Small businesses may be driving job growth in the U.S., but they are also facing headwinds for further expansion - or in some cases, even staying afloat.
A weak dollar and high inflation have pushed up costs for fuel, imported merchandise and other basic necessities. Consumers are cutting back, making it harder to pass on those costs as small business compete fiercely for their dollars. That is especially true for retailers that offer the same products as cost-cutting giants like
"Small companies are particularly challenged during poor economic times," says Tom Northup, a management consultant and author of the book
. "Most small companies aren't very well capitalized so when revenue goes down that puts great stress on the organization."
Still, there are some useful ways to tackle the costs, revenue and capital issues head-on to make sure your company rises above the rest.
Managers must comb through their business to figure out every last expense before deciding what to trim, says Chris Talis, a CPA and senior partner at Hedgerow Mergers & Acquisitions. Then, set up a monthly budget and monitor costs on a weekly basis.
"The best way to control overhead is to really and truly know what your expenses are," he says. "It's easy to overspend if you're not really keeping track."
Staying efficient is key. For instance, instead of driving around to business meetings on separate days, pile them all into one. Employees and managers should also stay on top of calls and messages while traveling so that they don't miss out on opportunities.
Northup also advises: "Maximize the use of the cash you do have -- don't tie it up in inventory."
Small businesses should never cut back on anything the customer will notice, says Tom DeCotiis, co-founder of CorVirtus, a consultancy, and author of the book
. Customers will be driven away by smaller portions at the same price, lower quality items, insufficient floor staff or the inability to return merchandise without a hassle.
When it comes to "soft expenses" like marketing, reduce spending by looking for low-cost promotions -- handing out flyers, putting signs in the window, using word-of-mouth hype -- instead of doing away with efforts to reach new customers entirely.
"Too many people cut marketing entirely and it ends up increasing the spiral of lower sales," says Northup. He also warns against "shotgunning in the dark" with ads that aren't targeted at "helping customers understand that you can serve them better than the guy down the street."
It's also important to let staffers know that the efficiencies are being put into place to get through the tough times with the business -- and their jobs -- intact.
Though many consumers are cutting back on discretionary items, they're
-- small businesses will just have to work harder to get their cash.
"In a down economy, it's not like you don't go shopping anymore," says DeCotiis, who was part of a team that put together business plans for Boston Chicken, Outback Steakhouse and
when they were merely start-ups. "You're just more picky about where you go shopping and you're more selective about where your dollars go."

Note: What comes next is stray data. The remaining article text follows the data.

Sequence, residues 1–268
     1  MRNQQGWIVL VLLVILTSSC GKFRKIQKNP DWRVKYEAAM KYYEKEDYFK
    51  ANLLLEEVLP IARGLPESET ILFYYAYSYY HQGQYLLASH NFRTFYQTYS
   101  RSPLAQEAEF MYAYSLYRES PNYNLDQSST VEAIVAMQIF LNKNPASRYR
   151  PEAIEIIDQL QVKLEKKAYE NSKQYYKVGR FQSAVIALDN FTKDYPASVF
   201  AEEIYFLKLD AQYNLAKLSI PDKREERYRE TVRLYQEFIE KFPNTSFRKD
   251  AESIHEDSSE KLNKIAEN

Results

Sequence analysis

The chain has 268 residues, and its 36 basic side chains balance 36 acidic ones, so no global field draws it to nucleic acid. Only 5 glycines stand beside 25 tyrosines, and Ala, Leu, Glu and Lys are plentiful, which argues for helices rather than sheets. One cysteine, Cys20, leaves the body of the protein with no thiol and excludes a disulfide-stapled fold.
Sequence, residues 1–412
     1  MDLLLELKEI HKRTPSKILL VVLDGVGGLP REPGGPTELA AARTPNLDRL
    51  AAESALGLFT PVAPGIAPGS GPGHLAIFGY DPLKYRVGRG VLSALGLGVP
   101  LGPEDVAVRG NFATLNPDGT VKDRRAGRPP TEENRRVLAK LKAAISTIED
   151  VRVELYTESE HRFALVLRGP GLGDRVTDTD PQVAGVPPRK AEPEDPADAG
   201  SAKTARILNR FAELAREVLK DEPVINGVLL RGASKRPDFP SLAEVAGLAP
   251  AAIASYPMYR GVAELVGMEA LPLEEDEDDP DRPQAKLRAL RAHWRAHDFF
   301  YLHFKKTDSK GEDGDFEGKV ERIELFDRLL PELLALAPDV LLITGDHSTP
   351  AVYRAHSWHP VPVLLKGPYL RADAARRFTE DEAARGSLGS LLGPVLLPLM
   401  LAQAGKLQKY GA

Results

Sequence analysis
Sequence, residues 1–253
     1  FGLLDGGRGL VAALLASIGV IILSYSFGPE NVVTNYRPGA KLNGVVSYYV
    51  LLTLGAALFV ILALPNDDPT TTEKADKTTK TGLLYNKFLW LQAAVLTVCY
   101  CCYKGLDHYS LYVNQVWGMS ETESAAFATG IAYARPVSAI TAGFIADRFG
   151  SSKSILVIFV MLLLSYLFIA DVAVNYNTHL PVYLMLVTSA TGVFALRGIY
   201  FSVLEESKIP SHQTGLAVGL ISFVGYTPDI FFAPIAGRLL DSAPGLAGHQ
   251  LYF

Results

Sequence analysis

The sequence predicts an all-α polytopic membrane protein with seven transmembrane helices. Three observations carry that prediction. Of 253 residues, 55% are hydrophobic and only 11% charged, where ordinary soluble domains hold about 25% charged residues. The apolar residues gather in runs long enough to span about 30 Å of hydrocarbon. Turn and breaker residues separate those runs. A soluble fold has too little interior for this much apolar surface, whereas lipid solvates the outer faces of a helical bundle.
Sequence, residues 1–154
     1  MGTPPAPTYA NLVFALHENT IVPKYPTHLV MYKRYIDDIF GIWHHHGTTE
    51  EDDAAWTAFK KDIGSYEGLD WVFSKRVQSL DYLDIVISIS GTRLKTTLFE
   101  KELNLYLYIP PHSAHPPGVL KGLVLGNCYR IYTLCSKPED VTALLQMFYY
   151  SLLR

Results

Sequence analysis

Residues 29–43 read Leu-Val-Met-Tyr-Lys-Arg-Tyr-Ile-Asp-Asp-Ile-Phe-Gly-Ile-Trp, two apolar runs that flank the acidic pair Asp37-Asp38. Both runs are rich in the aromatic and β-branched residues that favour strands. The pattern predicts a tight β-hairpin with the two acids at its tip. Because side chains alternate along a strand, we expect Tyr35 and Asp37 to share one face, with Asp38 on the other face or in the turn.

Small businesses should determine why customers came into the store in the first place, what will keep them coming back and what will prompt them to spread the word to friends and family.
"If they carve out a niche and they dominate, then even in slow times, they can grow," says John De Puy, CEO of Ramona, Calif.-based equity firm Oaktree Ventures and author of
Gaining the Edge.
Offering added services for the same price can provide a competitive edge as well. For instance, a bookkeeping firm might keep a customer from going to
by extending hours, meeting at the client's house or adding other bonuses like electronic filing for free.
The Web can also be a useful tool for building sales through online shopping, promotions and auction sites like
. It's a cheap way to draw existing customers into the store and reach new customers anywhere in the world.
Talis also suggests that companies stay on top of invoices and billing: "The cheapest way to collect money it to get what's yours," he says.
When petitioning lenders, business owners should present all relevant information about their business: Why it is a good candidate for a loan, how it can expand wisely -- and how it will repay the debt.
Shop around for opportunities and rates. If the local
won't offer a loan, try the
Bank of America
across the street.
If you happen to get two offers, parlay the competition into a lower-cost loan. On the other hand, if no bank offers are forthcoming, family members with some extra cash, private investors and small-business credit cards can present opportunities that banks are simply not willing to supply these days.
However, before accepting any deal, review the terms to make sure the costs are manageable and worth the rewards.
Knowing When to Call It Quits
Sometimes, a business just won't work because its supplies a product or service that is too costly, inadequate, undesirable or simply offered to the wrong market. Ice-cream shops might not be as popular in Antarctica as they are in Florida, and an outdated, gas-guzzling SUV may not be popular anywhere these days.
It's also possible that a business has products or services that people want, but has expanded too far, too fast, notes DeCotiis.
"With companies like
, what gets in the way is hubris," he says as an example, noting that on a recent business trip he saw two locations directly across the street from one another. "They shouldn't have opened up
those 600 stores
Managers should assess when business started slowing down, what has been driving the decline, and whether it has enough available capital to wait out the storm. While every business goes through peaks and dips, if it is weak because the market has evaporated for good, managers should close underperforming locations or just call it quits.